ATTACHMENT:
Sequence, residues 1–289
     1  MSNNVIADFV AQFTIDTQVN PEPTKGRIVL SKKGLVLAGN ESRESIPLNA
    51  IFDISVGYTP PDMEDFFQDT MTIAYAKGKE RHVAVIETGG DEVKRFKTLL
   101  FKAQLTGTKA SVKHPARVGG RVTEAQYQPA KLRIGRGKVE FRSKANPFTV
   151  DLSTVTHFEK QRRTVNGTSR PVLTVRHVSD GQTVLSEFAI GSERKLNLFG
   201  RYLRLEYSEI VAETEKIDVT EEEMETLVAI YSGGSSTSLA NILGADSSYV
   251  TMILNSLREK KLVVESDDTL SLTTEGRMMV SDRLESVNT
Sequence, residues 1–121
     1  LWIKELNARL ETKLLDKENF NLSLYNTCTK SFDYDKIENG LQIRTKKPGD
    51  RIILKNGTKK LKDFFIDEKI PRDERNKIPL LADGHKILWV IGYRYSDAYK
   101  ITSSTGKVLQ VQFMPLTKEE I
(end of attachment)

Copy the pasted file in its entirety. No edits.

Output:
Sequence, residues 1–289
     1  MSNNVIADFV AQFTIDTQVN PEPTKGRIVL SKKGLVLAGN ESRESIPLNA
    51  IFDISVGYTP PDMEDFFQDT MTIAYAKGKE RHVAVIETGG DEVKRFKTLL
   101  FKAQLTGTKA SVKHPARVGG RVTEAQYQPA KLRIGRGKVE FRSKANPFTV
   151  DLSTVTHFEK QRRTVNGTSR PVLTVRHVSD GQTVLSEFAI GSERKLNLFG
   201  RYLRLEYSEI VAETEKIDVT EEEMETLVAI YSGGSSTSLA NILGADSSYV
   251  TMILNSLREK KLVVESDDTL SLTTEGRMMV SDRLESVNT
Sequence, residues 1–121
     1  LWIKELNARL ETKLLDKENF NLSLYNTCTK SFDYDKIENG LQIRTKKPGD
    51  RIILKNGTKK LKDFFIDEKI PRDERNKIPL LADGHKILWV IGYRYSDAYK
   101  ITSSTGKVLQ VQFMPLTKEE I